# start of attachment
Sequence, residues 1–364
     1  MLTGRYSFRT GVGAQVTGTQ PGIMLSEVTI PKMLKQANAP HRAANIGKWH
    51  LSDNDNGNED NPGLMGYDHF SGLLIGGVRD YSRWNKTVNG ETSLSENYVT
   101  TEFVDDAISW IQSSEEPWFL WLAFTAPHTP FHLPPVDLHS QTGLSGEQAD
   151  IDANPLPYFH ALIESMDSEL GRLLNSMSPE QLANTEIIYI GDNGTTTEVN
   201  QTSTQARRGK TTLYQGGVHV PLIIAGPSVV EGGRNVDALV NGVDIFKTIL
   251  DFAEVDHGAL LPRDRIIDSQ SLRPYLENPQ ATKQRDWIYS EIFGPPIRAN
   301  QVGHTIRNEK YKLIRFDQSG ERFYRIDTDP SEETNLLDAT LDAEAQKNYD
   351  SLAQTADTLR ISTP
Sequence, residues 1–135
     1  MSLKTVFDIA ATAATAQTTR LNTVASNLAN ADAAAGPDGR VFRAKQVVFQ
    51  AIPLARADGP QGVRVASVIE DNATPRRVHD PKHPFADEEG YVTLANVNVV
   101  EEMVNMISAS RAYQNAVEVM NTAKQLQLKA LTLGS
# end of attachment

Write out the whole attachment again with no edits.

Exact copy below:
Sequence, residues 1–364
     1  MLTGRYSFRT GVGAQVTGTQ PGIMLSEVTI PKMLKQANAP HRAANIGKWH
    51  LSDNDNGNED NPGLMGYDHF SGLLIGGVRD YSRWNKTVNG ETSLSENYVT
   101  TEFVDDAISW IQSSEEPWFL WLAFTAPHTP FHLPPVDLHS QTGLSGEQAD
   151  IDANPLPYFH ALIESMDSEL GRLLNSMSPE QLANTEIIYI GDNGTTTEVN
   201  QTSTQARRGK TTLYQGGVHV PLIIAGPSVV EGGRNVDALV NGVDIFKTIL
   251  DFAEVDHGAL LPRDRIIDSQ SLRPYLENPQ ATKQRDWIYS EIFGPPIRAN
   301  QVGHTIRNEK YKLIRFDQSG ERFYRIDTDP SEETNLLDAT LDAEAQKNYD
   351  SLAQTADTLR ISTP
Sequence, residues 1–135
     1  MSLKTVFDIA ATAATAQTTR LNTVASNLAN ADAAAGPDGR VFRAKQVVFQ
    51  AIPLARADGP QGVRVASVIE DNATPRRVHD PKHPFADEEG YVTLANVNVV
   101  EEMVNMISAS RAYQNAVEVM NTAKQLQLKA LTLGS